For those who are interested (and to ensure I put something back into the community rather than just take all the time), here's my code. I love it. It's elegant, and does exactly what you'd expect it to:

Code:
// The main big parser thing
- (NSMutableDictionary *) dataDictionaryFromFilename: (NSString *) file OfClass: (Class) class
{    
    NSMutableDictionary *dict = [[[NSMutableDictionary alloc] init] autorelease];

    [self setupWithFilename: file];
    NSString *line;
    while((line = [self getCurrentLine]) != nil)     
    {        
        id data;
        data = [class alloc];
        SEL init_function = NSSelectorFromString(@"initWithDataParser:");
        if([data respondsToSelector: init_function])
            [data performSelector: init_function withObject: self];
        
        if(data != nil)
        {
            [dict setValue: data forKey: [data name]];
        }
        [self nextLine];
    }
    
    return dict;
}

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Sage
Posts: 1,482
Joined: 2002.09
Post: #7
Not sure what you were going for here exactly, but if the object doesn't respond to the selector, you are calling "name" on an uninitialized object.

Code:
        data = [class alloc];
        SEL init_function = NSSelectorFromString(@"initWithDataParser:");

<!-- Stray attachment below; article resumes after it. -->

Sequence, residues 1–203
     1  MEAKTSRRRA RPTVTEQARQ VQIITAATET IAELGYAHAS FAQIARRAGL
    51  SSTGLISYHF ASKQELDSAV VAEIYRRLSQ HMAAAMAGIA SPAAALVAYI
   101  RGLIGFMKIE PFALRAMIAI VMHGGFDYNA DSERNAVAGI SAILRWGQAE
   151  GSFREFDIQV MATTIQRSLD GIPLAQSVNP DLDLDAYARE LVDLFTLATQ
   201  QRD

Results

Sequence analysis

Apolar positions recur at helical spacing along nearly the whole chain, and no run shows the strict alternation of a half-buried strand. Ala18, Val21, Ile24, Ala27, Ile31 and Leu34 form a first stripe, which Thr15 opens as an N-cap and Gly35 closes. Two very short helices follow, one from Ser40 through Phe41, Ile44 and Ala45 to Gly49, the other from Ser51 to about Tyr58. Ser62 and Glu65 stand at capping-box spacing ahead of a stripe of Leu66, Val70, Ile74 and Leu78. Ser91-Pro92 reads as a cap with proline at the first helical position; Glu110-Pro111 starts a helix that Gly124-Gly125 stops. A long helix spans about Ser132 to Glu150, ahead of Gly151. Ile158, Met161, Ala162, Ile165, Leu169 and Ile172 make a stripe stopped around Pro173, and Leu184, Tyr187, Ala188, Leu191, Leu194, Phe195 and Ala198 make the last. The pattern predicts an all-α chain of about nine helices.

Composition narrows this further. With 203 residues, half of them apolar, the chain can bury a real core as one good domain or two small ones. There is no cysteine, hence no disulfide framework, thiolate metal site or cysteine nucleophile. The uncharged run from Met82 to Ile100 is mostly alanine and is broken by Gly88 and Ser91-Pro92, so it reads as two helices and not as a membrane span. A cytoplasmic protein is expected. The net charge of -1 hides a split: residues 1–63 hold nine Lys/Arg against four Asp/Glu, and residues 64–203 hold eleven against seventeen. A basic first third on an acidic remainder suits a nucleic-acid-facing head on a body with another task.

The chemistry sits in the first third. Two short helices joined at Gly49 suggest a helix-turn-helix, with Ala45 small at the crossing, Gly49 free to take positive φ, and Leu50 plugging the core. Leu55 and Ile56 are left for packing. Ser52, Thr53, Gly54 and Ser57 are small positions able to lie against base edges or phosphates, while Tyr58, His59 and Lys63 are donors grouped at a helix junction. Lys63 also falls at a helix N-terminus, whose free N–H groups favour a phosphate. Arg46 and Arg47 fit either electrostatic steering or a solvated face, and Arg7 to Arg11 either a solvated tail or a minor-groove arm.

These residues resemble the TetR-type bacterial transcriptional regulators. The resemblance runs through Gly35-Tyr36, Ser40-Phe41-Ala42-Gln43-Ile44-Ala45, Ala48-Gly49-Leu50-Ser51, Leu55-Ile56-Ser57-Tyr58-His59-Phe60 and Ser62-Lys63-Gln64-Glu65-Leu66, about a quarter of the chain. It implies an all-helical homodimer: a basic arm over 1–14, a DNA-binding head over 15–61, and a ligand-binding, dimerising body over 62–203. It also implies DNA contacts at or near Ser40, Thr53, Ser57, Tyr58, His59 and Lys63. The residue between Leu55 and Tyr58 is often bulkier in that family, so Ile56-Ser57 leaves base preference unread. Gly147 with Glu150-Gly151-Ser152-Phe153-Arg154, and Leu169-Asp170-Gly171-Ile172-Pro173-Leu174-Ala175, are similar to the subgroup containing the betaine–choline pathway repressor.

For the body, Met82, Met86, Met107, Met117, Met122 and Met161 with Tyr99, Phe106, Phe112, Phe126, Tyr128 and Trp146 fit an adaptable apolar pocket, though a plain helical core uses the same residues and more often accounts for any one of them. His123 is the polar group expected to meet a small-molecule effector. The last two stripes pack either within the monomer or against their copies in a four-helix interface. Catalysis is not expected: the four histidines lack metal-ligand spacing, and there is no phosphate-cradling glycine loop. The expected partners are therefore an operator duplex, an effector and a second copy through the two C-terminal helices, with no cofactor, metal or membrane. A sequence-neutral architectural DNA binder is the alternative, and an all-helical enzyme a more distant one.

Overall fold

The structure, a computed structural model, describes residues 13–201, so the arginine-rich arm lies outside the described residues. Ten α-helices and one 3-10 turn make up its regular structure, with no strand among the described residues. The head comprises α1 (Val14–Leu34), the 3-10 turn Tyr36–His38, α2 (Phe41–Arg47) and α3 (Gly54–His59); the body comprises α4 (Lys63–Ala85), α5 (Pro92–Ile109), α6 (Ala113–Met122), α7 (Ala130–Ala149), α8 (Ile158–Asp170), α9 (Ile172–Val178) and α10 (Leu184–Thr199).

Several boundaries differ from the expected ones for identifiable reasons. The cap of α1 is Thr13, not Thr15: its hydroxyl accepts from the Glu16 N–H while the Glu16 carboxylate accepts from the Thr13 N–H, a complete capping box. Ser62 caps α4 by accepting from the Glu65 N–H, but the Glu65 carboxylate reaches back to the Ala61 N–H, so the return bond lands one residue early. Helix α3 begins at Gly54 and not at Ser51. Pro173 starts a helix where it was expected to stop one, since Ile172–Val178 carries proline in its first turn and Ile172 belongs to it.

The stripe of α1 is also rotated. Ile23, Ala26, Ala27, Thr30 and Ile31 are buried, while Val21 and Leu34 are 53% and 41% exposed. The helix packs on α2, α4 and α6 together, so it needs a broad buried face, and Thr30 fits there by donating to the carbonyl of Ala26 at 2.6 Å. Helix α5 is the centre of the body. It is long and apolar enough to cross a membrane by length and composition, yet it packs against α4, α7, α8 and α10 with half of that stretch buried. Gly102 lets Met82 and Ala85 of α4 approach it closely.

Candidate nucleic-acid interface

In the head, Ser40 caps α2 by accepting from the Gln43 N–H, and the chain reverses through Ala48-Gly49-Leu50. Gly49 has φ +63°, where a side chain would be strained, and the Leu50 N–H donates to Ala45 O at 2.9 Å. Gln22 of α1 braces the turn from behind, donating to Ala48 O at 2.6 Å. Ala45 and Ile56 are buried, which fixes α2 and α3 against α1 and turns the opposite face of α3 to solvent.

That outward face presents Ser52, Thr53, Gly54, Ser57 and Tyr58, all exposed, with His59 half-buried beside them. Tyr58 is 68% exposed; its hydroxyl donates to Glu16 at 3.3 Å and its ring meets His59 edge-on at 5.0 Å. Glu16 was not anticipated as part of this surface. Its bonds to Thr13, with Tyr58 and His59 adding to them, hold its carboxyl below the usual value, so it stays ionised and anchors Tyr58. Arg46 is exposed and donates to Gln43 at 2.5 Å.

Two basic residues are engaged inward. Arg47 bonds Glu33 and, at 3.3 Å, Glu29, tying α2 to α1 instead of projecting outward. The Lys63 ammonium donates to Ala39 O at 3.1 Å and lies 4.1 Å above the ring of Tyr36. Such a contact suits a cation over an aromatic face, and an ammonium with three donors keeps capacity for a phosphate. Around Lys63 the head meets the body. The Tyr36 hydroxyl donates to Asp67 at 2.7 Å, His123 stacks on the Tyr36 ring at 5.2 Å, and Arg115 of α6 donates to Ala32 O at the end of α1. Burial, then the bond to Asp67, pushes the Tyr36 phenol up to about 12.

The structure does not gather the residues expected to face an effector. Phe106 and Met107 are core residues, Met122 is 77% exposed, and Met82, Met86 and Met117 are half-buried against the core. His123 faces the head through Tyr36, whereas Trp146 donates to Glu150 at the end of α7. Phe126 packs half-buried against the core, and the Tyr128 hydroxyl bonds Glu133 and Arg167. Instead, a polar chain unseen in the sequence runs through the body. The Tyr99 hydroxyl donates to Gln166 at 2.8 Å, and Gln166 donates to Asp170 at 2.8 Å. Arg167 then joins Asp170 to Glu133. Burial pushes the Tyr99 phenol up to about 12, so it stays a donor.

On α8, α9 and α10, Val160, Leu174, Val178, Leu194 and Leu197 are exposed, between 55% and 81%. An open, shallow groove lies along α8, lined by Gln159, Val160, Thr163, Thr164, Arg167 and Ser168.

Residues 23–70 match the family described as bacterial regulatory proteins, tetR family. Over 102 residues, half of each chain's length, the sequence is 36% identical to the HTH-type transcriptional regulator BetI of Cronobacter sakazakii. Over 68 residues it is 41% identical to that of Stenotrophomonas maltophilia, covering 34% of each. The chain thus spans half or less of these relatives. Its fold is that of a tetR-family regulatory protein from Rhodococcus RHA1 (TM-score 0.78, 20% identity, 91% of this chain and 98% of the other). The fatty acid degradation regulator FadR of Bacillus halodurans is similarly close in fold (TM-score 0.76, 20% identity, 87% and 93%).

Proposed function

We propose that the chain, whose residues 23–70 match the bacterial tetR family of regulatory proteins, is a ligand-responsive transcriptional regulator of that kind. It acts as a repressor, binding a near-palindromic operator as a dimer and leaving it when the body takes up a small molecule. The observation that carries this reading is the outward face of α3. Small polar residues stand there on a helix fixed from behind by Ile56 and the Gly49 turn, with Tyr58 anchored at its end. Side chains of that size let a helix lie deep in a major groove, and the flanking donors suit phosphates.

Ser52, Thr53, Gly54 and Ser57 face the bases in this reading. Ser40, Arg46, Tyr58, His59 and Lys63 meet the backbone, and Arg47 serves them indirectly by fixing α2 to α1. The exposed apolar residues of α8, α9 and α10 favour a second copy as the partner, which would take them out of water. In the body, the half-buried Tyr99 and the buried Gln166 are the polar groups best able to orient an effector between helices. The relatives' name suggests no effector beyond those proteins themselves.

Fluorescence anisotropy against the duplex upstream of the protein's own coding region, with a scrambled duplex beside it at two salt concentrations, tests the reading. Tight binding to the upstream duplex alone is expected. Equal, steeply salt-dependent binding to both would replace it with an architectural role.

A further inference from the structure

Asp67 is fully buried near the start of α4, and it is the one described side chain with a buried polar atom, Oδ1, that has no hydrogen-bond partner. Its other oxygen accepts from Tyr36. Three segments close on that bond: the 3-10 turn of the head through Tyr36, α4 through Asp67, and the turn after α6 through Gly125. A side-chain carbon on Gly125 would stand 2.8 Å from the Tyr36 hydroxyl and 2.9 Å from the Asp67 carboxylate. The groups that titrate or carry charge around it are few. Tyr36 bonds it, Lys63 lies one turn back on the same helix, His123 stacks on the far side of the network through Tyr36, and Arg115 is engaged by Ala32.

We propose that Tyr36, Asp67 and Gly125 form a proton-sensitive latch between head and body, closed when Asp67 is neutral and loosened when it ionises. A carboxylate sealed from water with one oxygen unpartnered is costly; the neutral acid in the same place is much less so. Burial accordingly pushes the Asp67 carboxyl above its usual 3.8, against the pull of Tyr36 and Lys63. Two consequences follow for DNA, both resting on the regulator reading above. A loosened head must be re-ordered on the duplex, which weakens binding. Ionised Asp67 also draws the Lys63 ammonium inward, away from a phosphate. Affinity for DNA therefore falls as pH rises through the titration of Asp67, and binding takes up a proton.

if([data respondsToSelector: init_function])
            [data performSelector: init_function withObject: self];

        // data might be non-nil, but uninitialized here
        if(data != nil)
        {
            [dict setValue: data forKey: [data name]];
        }

Scott Lembcke - Howling Moon Software
Author of Chipmunk Physics - A fast and simple rigid body physics library in C.
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Member
Posts: 110
Joined: 2009.07
Post: #8
Well spotted. Thanks! You've saved me future headaches. Guess who doesn't do unit testing...

...or read his own code, apparently.

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⌘-R in Chief
Posts: 1,256
Joined: 2002.05
Post: #9
Madrayken Wrote:
Code:
// The main big parser thing
- (NSMutableDictionary *) dataDictionaryFromFilename: (NSString *) file OfClass: (Class) class

Don't capitalize the first letter of each part of the selector. In other words OfClass should be ofClass. Follow the convention.
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Member
Posts: 110
Joined: 2009.07
Post: #10
Code now looks like this:

Code:
- (NSMutableDictionary *) dataDictionaryFromFilename: (NSString *) file ofClass: (Class) class
{    
    NSMutableDictionary *dict = [[[NSMutableDictionary alloc] init] autorelease];

    [self setupWithFilename: file];
    NSString *line;